Why can days feel long, when years fly by?
One tangent they take in this extended conversation revolves around interacting with replicants. Long after it passed the turing test, I imagine my replicant to be an artificially intelligent, bioengineered entity that has consciousness rooted in the human (or machine) it originated from. This humanoid would use an index of everything I ever shared externally, a complex map of my network, and added context from storytelling to form a foundational identity. The operating system would have core essentials and permission levels to guide growth.
With exponential advances in technology, interactions with different versions of our past and future self seem inevitable. We’re already speaking to holocaust surviving holograms, watching monkeys play video games with their brain, growing synthetic realities, and experimenting with nanorobotics. As the bandwidth of our content creation reaches escape velocity, what’s stopping us from pressing the record button to store every angle from every moment?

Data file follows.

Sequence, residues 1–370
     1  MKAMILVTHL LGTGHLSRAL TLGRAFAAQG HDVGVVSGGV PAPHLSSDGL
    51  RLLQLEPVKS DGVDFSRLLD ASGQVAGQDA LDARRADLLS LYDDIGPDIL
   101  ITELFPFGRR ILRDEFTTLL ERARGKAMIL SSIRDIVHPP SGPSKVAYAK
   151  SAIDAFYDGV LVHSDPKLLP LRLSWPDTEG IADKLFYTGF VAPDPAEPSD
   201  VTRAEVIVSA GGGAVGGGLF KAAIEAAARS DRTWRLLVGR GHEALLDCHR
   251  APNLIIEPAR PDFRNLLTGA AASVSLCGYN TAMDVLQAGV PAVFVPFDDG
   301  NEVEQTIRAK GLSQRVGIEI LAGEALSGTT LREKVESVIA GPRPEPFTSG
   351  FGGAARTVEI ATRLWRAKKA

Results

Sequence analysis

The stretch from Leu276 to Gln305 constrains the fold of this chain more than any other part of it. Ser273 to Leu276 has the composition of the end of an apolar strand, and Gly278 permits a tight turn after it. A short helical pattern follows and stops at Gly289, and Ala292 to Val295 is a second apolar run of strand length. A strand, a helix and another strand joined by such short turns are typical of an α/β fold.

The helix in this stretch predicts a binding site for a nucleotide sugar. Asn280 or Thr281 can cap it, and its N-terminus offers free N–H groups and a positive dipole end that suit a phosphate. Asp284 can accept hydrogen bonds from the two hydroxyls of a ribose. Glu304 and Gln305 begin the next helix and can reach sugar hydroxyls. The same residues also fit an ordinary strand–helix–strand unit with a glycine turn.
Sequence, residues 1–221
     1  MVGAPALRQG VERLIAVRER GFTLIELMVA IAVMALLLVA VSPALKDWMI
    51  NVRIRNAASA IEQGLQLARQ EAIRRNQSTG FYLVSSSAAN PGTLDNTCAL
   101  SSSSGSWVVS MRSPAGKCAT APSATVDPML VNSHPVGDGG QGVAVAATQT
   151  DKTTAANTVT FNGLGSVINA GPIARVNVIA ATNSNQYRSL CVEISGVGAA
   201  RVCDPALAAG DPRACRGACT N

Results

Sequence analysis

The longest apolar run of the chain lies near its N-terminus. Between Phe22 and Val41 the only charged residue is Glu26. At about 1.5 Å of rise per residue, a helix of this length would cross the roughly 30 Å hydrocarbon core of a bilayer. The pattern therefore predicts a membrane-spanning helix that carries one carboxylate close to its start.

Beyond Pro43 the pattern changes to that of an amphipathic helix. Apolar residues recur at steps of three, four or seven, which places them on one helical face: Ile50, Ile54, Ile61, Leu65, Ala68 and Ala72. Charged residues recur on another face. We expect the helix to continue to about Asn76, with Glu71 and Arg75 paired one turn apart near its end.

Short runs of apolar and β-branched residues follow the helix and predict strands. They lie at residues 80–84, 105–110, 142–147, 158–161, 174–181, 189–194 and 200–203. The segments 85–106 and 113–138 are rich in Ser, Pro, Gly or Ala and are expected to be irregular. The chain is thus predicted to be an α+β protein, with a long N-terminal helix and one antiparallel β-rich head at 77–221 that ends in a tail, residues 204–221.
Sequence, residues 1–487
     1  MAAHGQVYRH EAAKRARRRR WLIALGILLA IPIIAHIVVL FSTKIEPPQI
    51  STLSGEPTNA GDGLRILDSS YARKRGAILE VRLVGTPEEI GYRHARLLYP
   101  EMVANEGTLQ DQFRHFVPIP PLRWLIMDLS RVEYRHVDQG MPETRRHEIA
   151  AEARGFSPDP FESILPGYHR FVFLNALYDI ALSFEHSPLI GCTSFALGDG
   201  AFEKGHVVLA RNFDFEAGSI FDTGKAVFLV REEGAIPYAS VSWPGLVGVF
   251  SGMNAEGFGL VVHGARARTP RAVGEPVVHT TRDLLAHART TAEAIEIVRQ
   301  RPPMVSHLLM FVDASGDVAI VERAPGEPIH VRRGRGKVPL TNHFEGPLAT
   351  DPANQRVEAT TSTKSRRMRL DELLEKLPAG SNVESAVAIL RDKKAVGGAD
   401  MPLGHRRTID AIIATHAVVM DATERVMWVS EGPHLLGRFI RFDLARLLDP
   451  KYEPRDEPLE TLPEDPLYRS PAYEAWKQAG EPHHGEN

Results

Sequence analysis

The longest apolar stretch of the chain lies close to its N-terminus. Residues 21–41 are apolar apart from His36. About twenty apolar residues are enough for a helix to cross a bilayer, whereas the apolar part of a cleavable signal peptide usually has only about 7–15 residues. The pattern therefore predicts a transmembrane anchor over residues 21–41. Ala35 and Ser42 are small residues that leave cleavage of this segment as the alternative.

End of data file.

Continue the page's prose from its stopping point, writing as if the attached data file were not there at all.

As this limitless library grows and we start to think about futuristic interactions, how might we reconsider the way we spend our time? Would you live your life differently knowing future generations may interact with a version of your own replicant? I have to think our thoughts and actions would be less careless with such a forward-focused mindset. It would also seem that staying in the moment would be more natural when every moment counts.
With a future that gives humans an opportunity to merge with machines, today can be when we consider ways to transcend time with purpose and thoughtful appreciation.
“…if tomorrow I wake up and I’m sixty years old,I hope when I look in the mirror and ask have you lived,I look right back and say, “shiiit, you tell me!” -Machine Gun Kelly